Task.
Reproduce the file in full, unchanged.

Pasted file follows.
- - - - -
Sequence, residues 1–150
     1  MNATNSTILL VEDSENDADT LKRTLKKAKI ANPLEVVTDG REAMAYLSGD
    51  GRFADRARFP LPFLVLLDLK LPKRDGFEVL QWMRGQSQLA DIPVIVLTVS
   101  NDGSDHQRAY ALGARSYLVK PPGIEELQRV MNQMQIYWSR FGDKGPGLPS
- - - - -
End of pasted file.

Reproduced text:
Sequence, residues 1–150
     1  MNATNSTILL VEDSENDADT LKRTLKKAKI ANPLEVVTDG REAMAYLSGD
    51  GRFADRARFP LPFLVLLDLK LPKRDGFEVL QWMRGQSQLA DIPVIVLTVS
   101  NDGSDHQRAY ALGARSYLVK PPGIEELQRV MNQMQIYWSR FGDKGPGLPS